Vatican website translation:
32. The liturgy makes distinctions between persons according to their liturgical function and sacred Orders, and there are liturgical laws providing for due honors to be given to civil authorities. Apart from these instances, no special honors are to be paid in the liturgy to any private persons or classes of persons, whether in the ceremonies or by external display.
32. In Liturgia, praeter distinctionem ex munere liturgico et Ordine sacro manantem, et praeter honores ad normam legum liturgicarum auctoritatibus civilibus debitos, nulla privatarum personarum aut condicionum, sive in caerimoniis, sive in exterioribus pompis, habeatur acceptio.
Slavishly literal translation:
32. In the Liturgy, outside of the distinction maintained from liturgical office and sacred Order, and outside of the honors owed according to the norm of liturgical laws to civil authorities, let no regard for private persons or conditions, whether in ceremonies or in external show, be maintained.
The last of the norms arising from the hierarchic and communal nature of the liturgy seems to argue that the relation of the baptismal priesthood to the priesthood of the ordained be authentically signified. Thus those who assume liturgical functions OUTSIDE of ordination (e.g., members of a choir) may wear distinctive vesture, while the ordained have rather clear strictures on the vesture they are to assume as they exercise their liturgical ministries. Those who belong to the baptismal priesthood who do not assume a particular liturgical function (i.e., who pray as the congregation or assembly) could signify that by their clothing as well (“Sunday best”) but this is not as regulated.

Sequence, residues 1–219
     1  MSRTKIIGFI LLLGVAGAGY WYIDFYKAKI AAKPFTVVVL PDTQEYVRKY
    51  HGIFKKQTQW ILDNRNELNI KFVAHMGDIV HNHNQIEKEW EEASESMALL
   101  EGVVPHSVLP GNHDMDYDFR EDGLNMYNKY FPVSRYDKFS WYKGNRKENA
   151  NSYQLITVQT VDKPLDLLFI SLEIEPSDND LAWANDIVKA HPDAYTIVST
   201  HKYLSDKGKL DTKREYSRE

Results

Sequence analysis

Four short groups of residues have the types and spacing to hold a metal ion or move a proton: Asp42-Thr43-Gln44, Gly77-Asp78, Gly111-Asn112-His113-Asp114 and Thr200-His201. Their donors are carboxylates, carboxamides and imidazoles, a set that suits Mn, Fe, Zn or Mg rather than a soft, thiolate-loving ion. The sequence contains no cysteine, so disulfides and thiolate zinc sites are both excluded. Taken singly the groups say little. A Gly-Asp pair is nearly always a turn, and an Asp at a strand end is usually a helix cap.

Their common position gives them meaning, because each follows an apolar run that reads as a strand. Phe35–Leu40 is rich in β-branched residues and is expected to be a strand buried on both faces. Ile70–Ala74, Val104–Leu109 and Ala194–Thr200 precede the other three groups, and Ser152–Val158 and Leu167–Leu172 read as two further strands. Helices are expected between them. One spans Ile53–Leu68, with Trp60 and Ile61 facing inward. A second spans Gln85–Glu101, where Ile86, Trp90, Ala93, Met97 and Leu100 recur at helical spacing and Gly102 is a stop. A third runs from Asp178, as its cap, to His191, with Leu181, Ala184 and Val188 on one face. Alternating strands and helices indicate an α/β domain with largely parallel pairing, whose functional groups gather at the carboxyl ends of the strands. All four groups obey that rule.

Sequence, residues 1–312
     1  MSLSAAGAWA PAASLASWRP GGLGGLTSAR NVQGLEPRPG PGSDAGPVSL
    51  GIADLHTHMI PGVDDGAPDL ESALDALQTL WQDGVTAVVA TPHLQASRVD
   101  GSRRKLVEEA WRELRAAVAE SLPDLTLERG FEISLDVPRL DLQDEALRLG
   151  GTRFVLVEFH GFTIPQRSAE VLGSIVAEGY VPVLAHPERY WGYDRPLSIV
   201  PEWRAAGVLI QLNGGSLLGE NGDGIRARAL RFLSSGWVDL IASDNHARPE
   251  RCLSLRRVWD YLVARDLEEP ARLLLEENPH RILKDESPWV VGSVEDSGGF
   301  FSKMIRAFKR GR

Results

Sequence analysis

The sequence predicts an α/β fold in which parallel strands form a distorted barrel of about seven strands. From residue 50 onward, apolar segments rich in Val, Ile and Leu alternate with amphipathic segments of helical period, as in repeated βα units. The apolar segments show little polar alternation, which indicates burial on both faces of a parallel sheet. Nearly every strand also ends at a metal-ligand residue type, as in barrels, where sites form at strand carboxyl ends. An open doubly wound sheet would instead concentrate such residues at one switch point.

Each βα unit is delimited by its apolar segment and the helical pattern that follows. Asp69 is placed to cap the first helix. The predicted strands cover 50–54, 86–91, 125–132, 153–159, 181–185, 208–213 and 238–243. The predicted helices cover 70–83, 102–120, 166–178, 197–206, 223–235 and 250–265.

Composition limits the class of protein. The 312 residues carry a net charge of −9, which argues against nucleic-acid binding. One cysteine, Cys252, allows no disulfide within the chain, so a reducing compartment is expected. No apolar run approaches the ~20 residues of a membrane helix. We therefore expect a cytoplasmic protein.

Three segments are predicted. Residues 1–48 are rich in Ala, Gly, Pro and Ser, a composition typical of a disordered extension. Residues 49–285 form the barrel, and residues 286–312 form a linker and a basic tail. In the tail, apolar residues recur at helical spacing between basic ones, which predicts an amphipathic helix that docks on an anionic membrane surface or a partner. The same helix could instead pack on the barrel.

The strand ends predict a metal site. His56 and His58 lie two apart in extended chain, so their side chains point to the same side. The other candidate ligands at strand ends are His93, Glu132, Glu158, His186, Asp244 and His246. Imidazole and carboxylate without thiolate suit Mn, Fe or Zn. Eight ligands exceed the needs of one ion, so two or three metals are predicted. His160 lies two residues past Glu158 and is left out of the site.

I think the force of this norm might be to challenge practices such as distinctions in seating for the laity at a liturgy based on the ability to pay (“pew rent”) or ethnic heritage (there were cases in the United States where cultural racial segregation was carried over into the congregation’s seating at liturgy). It may also raise some questions about how groups such as the Knights of Columbus or the Boy Scouts might be properly integrated into liturgical worship.